From the time I was nine or ten, I carried a spiral-bound Mead notebook with me at all times. I wanted to be a writer, felt I probably already was a writer, and feared I would never be a writer. I was constantly looking for clues that would tell me that someone like me, someone from Seattle, someone who was a girl, someone who was no one, might be able to write a book. A book that got published.
I was always on the lookout for a message, something that would tell me that this thing could be done. I realize now that what I was looking for was an influence. Influence is a message about what is possible, sent by book from one writer to another. Different writers are looking for different messages. As a child, the message I sought was simple: This place is worth writing about.
Just as I was a nobody, Seattle at that time was a non-place in literature. This was the 1970s. There were few nationally published authors from Seattle. Whenever I encountered any writing at all about the Northwest, I fell upon it gratefully. I was happy to read anything that had blackberries and Puget Sound and Douglas firs and the names of the streets downtown. I read Richard Brautigan stories; Ken Kesey’s Sometimes a Great Notion, though I didn’t even pretend to enjoy it; collections of columns by crabby old Seattle Post-Intelligencer newspapermen of the 1950s; poems by Carolyn Kizer. I read Tom Robbins and was embarrassed by the sex. I read Mary McCarthy’s first memoir, but she seemed to hate the place.
And, eventually, I read Betty MacDonald. She had been there all along, on my own shelves, in the form of her familiar, tattered Mrs. Piggle-Wiggle books. Then, browsing my mother’s shelves one summer afternoon, I came upon a grown-up book by MacDonald: Anybody Can Do Anything.
I had seen it before but assumed it belonged to the dreary crop of self-help books that had mushroomed on my mother’s shelves over the past few years. Bored enough, I picked it up—and found therein an enchanted world. Enchanted because it was exactly real. Anybody Can Do Anything is Betty MacDonald’s story of how she and her family weathered the Depression in an old wood-frame house (not unlike my family’s) in the University District (just a mile or two from where I lived). And though my historical circumstances were very different from hers, our shared geography was enough to make me feel that I was seeing my life reflected in her pages.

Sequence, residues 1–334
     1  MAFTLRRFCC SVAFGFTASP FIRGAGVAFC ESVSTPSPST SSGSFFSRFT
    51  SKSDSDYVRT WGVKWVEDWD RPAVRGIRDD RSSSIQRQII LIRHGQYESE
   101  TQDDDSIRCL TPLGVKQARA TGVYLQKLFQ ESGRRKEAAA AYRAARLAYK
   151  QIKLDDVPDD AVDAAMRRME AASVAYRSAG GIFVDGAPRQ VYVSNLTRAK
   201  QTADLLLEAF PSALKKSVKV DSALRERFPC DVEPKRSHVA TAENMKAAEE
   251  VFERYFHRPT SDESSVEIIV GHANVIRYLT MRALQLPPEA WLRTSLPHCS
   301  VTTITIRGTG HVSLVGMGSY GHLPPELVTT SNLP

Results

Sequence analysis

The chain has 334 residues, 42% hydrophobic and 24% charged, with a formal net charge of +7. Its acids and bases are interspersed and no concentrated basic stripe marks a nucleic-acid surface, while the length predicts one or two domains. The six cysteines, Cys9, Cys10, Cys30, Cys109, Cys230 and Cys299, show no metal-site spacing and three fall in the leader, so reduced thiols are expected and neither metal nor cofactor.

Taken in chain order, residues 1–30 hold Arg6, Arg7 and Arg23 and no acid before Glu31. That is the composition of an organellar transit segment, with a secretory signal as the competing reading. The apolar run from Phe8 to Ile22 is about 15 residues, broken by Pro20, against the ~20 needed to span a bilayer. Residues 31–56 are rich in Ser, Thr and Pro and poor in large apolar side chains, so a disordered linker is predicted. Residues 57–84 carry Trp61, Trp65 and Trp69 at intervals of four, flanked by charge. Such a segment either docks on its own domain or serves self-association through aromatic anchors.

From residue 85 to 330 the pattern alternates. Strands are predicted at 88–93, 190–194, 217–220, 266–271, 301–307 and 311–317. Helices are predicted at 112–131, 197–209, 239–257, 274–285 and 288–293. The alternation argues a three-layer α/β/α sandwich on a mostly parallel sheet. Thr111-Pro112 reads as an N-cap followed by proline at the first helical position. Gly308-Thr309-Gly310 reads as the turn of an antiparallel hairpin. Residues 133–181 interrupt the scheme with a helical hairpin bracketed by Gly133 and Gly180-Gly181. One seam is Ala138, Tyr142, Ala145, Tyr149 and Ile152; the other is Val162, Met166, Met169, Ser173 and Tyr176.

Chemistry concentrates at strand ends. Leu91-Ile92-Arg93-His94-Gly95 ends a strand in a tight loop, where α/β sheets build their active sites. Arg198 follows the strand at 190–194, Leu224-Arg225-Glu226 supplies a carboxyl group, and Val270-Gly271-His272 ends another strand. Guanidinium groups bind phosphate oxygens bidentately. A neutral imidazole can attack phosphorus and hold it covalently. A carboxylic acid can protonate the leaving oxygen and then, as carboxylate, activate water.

It’s funny to think of a time when Betty MacDonald’s books were new to me. Over the years I would come to know them the way I knew houses in my own neighborhood—with a casual intimacy. MacDonald began writing toward the end of her short life, in the 1940s, when she had found happiness with her second husband on their blackberry-ridden acreage on Vashon Island in Puget Sound. Her first book was The Egg and I, set in the 1920s. This chronicle of MacDonald’s life on an Olympic Peninsula chicken farm with her first husband would become her most famous book, make her a fortune, and form the basis of a wildly successful 1947 film. This, putting aside her books for children, was followed by The Plague and I, a surprisingly entertaining account of her stint in a tuberculosis sanitarium just north of Seattle. How she created a ripping yarn out of lying in bed for a year is one of life’s mysteries. Next came Anybody Can Do Anything, which I held in my hands. Finally she wrote Onions in the Stew, about life on Vashon Island, which came in 1955, just three years before she succumbed to cancer at the age of forty-nine.
But it was Anybody Can Do Anything, with its Seattle locale and its scrappy, cheerful message of survival, which spoke most directly to me.
As the book opens and the Depression begins, MacDonald has been living on the chicken farm in damp exile from her real life in Seattle. Married at twenty, she had followed her husband to the Olympic Peninsula so he could live his agrarian dream. Now she has reached her breaking point with the rain, the chickens, the monomaniacal husband, the whole affair. “Finally in March, 1931, after four years of this,” she recounts, “I wrote to my family and told them that I hated chickens, I was lonely and I seemed to have married the wrong man.” She snatches up her little daughters and makes her long, rainy, difficult way back to the city by foot, bus, and ferry.